Editorial |

Listen to Eisenkot, Not to Bennett

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Gadi Eisenkot chats with his predecessor Benny Gantz during a visit to the Western Wall, February 16, 2015.
Gadi Eisenkot chats with his predecessor Benny Gantz during a visit to the Western WalCredit: Gil Cohen-Magen/AFP Photo

A puzzling dialogue is taking place between the Israeli military and the country’s political leadership. The push by certain politicians for a comprehensive war of choice in order to end the incendiary kites and balloons being launched from the Gaza Strip into Israel has so far been stopped by the army, but it’s doubtful that it can withstand the pressure of the warmongers.

Until recently the Israel Defense Forces and Chief of Staff Lt. Gen. Gadi Eisenkot have made it clear that there is no military solution to the struggle being waged by 2 million Palestinians against the closure and the dire hardship of the Strip. The IDF urged the government to adopt a lenient policy, to allow goods to enter the territory and Gazans to leave for work in Israel and the West Bank. That, in order to at least remove the economic catalyst for the uprising. This wise advice was thrown out in the battle for political prestige being fought between leaders of the right.

The army apparently recognizes the limits of its power to persuade the cabinet to listen to reason, so it is trying its hand at political persuasion. Paradoxically, the IDF is forced, in violation of its own position, to ask the government to actually increase the economic pressure on the Gaza Strip in order to convey an additional message to Hamas — as a last measure before war. It’s doubtful the government has any remaining economic punishments to impose, after closing the Kerem Shalom crossing and restricting the goods allowed to enter the Strip to staple products and medicines.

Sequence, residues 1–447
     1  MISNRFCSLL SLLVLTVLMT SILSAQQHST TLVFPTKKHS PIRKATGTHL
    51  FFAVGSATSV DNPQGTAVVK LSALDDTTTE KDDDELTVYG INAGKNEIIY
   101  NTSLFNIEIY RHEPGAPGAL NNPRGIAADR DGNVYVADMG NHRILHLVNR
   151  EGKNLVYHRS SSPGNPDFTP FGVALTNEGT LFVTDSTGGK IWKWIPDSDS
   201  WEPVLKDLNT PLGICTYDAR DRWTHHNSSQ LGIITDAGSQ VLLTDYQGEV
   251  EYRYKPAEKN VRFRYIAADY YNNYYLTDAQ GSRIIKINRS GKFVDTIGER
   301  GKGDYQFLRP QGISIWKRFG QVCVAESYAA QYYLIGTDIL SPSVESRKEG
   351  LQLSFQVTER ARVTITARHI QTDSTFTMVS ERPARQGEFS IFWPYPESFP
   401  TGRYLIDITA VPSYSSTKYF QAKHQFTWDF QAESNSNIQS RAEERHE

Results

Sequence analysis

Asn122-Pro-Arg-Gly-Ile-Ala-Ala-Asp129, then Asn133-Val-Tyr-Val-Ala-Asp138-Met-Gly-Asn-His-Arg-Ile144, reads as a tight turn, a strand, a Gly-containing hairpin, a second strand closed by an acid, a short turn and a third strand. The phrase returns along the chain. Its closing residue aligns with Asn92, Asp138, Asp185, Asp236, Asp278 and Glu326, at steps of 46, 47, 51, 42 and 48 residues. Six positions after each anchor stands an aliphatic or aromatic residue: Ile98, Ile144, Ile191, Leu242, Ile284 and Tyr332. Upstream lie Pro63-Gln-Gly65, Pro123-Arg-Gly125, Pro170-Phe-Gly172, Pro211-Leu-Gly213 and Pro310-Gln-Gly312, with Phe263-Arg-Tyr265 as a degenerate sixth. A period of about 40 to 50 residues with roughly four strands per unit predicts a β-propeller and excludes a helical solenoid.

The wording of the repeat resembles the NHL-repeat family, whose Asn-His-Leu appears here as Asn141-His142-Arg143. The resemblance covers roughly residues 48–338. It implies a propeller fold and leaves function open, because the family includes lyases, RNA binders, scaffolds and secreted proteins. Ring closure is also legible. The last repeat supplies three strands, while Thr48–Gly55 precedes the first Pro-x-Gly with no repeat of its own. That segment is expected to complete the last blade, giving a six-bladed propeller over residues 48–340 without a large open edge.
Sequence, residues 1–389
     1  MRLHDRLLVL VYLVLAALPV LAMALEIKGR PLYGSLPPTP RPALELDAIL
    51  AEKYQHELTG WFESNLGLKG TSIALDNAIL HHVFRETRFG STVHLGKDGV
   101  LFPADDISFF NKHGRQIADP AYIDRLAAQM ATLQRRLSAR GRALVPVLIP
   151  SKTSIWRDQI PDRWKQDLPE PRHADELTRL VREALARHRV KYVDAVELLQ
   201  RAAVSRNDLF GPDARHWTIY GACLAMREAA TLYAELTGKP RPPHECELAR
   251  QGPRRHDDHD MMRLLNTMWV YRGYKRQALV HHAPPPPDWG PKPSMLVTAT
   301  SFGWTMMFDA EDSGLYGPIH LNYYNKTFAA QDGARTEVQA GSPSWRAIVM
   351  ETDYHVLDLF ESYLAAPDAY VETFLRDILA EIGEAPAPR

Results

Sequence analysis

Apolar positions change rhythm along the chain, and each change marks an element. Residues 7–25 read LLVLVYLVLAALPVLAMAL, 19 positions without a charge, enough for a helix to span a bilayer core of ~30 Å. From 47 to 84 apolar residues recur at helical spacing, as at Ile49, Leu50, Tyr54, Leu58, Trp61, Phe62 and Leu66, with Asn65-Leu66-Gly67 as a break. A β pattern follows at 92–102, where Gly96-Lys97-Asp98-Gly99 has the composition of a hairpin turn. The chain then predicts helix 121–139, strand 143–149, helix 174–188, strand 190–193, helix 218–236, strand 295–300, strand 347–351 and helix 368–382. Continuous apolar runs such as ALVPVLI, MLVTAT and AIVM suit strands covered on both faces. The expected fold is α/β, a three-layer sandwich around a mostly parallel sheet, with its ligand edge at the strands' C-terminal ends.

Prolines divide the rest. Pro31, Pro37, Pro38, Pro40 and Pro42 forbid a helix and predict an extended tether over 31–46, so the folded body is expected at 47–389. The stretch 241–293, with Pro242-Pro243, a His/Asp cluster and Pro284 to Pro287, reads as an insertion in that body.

The army doesn’t set policy, but it repeatedly sends a clear message: The closure will not be effective in stopping the confrontations, and kites and fire balloons are not a cause for war (Amos Harel, Haaretz Wednesday). It is good for Israelis to hear this position, in light of comments by bloodthirsty politicians such as Habayit Hayehudi Chairman Naftali Bennett, who at a recent security cabinet meeting suggested to the chief of staff that he drop a bomb on groups launching kites and balloons. “It’s against my operational and moral positions,” Eisenkot replied.

Those chomping at the bit for a military operation to end the attacks from the Gaza Strip “once and for all” should recall the previous glorious campaigns such as Operation Pillar of Defense and Operation Protective Edge. They provided periods of calm but did not eliminate the roots of the conflict.

There are partners who are willing to help Israel and the Palestinians to reach understandings over the confrontation in the Gaza Strip. Sustainable plans that could yield long-term quiet are on the table. After the end of every military operation or war that Israel conducts in Gaza, those same plans will be on the agenda. The government must advance these plans before and instead of rushing into war. The Israeli public doesn’t need a grand show that begins with a horrifying display of force and ends with destruction and the loss of life.

The above article is Haaretz’s lead editorial, as published in the Hebrew and English newspapers in Israel.

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